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Senate File 380 addresses an increasing issue. The act relates to sexual exploitation by a youth athletics coach. Current code includes sexual exploitation by a counselor, therapists or school employee. This bill would insert youth athletics coach.


Republican Sen. Roby Smith said someone local in or near his district reached him with this concern who played club or AAU volleyball. She said she was sexually assaulted by a volleyball coach or basketball coach.

“It seems to me that as we look to go down this path, adding youth athletic coach would be the next step,” Smith said. “I could envision 10 years from now this list being more. Today I think it’d be a common sense step to add youth athletics coach. They’re gaining in popularity across the country. The number of travel teams for club volleyball and AAU (make it) seem like parents are more going towards that route.”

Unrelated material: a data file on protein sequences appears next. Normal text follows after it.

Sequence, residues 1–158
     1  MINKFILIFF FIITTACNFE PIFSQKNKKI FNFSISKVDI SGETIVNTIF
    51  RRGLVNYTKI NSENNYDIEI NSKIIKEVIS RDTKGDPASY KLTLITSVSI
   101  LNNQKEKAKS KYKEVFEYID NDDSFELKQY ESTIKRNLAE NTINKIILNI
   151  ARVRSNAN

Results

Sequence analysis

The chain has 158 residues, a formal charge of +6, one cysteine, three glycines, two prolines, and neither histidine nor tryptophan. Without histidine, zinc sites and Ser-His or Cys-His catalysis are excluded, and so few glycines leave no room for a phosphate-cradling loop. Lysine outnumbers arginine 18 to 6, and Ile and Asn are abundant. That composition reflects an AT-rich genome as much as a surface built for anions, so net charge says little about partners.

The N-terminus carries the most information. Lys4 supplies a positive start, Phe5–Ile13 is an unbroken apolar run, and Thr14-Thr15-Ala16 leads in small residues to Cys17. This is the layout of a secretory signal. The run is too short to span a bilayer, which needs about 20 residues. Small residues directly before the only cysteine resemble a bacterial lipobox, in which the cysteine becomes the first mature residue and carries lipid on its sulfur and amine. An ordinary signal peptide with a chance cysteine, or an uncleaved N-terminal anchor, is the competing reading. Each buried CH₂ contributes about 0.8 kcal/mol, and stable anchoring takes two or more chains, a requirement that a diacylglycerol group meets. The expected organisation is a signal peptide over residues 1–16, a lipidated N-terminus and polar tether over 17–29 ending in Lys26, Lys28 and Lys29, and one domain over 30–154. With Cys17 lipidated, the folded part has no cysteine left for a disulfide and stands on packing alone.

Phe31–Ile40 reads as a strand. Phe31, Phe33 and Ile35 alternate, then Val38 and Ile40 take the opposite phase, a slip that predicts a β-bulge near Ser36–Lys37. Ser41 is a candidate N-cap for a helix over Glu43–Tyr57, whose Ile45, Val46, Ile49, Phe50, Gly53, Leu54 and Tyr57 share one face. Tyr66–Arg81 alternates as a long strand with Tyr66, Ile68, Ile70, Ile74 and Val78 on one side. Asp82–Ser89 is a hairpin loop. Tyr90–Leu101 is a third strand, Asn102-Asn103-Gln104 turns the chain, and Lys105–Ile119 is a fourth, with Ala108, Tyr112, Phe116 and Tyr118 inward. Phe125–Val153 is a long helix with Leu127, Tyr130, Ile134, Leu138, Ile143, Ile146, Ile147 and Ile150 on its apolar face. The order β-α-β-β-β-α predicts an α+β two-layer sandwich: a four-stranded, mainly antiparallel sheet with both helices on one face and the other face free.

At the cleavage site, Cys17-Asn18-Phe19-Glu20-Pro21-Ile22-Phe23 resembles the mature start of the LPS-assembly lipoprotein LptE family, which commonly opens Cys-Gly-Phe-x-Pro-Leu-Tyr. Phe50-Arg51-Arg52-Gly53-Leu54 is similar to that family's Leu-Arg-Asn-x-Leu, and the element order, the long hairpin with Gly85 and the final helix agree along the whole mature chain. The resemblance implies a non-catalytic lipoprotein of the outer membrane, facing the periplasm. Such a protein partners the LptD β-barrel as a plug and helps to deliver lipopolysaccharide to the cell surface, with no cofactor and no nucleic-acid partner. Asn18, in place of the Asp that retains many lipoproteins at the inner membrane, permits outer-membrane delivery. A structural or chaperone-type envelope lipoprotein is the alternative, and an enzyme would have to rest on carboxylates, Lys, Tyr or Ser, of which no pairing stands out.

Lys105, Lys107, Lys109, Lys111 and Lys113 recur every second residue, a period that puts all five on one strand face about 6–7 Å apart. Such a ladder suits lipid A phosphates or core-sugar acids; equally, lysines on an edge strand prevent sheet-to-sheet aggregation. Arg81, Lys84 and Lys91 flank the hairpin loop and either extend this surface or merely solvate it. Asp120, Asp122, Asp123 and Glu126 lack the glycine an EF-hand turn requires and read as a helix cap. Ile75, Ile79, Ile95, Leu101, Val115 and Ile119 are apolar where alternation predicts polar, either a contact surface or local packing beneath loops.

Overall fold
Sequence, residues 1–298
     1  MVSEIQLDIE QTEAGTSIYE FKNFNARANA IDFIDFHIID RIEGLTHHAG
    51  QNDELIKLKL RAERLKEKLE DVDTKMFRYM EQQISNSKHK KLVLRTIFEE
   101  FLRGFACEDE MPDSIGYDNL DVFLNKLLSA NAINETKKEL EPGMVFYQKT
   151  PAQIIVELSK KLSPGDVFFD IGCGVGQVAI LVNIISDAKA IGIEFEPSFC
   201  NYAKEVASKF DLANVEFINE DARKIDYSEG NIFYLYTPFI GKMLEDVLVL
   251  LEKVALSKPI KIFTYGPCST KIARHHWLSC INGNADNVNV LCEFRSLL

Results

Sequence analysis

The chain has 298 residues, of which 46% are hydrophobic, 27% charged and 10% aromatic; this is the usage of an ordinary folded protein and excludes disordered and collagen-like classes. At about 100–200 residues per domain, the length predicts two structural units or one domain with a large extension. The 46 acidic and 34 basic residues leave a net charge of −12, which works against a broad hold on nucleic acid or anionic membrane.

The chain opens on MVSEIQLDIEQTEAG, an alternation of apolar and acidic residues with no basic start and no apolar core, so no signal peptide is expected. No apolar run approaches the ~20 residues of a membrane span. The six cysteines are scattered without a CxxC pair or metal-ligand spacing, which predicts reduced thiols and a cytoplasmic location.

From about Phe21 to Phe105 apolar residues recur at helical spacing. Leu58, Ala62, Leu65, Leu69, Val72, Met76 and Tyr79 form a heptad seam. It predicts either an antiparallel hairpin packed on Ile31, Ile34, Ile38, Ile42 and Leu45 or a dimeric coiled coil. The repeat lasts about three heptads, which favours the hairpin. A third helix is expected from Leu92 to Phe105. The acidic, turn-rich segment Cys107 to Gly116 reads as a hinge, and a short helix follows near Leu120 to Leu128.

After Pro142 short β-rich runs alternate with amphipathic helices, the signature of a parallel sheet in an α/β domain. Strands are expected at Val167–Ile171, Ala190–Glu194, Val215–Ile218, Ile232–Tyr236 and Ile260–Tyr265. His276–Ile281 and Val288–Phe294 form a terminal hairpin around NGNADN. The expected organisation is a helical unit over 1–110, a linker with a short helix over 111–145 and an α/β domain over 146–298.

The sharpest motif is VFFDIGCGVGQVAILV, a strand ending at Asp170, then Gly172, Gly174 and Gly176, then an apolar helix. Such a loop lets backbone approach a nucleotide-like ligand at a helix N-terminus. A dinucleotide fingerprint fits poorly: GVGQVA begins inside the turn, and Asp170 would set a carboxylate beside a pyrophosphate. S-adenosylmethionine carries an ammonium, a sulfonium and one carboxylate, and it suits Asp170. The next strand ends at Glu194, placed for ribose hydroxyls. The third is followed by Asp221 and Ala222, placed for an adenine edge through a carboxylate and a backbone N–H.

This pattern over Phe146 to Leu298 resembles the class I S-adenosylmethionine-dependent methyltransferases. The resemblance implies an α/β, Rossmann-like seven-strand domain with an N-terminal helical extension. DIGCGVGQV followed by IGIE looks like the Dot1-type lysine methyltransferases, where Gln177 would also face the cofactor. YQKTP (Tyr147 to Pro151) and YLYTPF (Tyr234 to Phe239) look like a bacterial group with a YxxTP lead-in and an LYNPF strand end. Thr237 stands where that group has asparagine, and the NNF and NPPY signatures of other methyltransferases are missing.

Democrat Sen. Kevin Kinney was concerned with the bill because it had lighter penalties for youth coaches who engage in actual sex acts and is more strict prior to that activity when the potential victim is being groomed.

Republican Senators Zach Whiting and Jake Chapman served with Kinney on the subcommittee. With Smith, the author of the bill, all four agreed a chance could be made. Smith speculated it was a drafting error.

Kinney also said he’d like to see the statute of limitations for civil matters to match that of criminal matters.

Amy Campbell of the Iowa Coalition Against Sexual Assault said the group was a little uneasy about a situation where a 19-year-old coach might be coaching a 17-year-old girlfriend in a sport.

“We would have concerns of accidentally getting involved with that,” she said.

All of the senators agreed to sign the bill out of subcommittee with an amendment.

“My streak of nine years is still alive,” Smith said. “I still have not had a perfect bill.”

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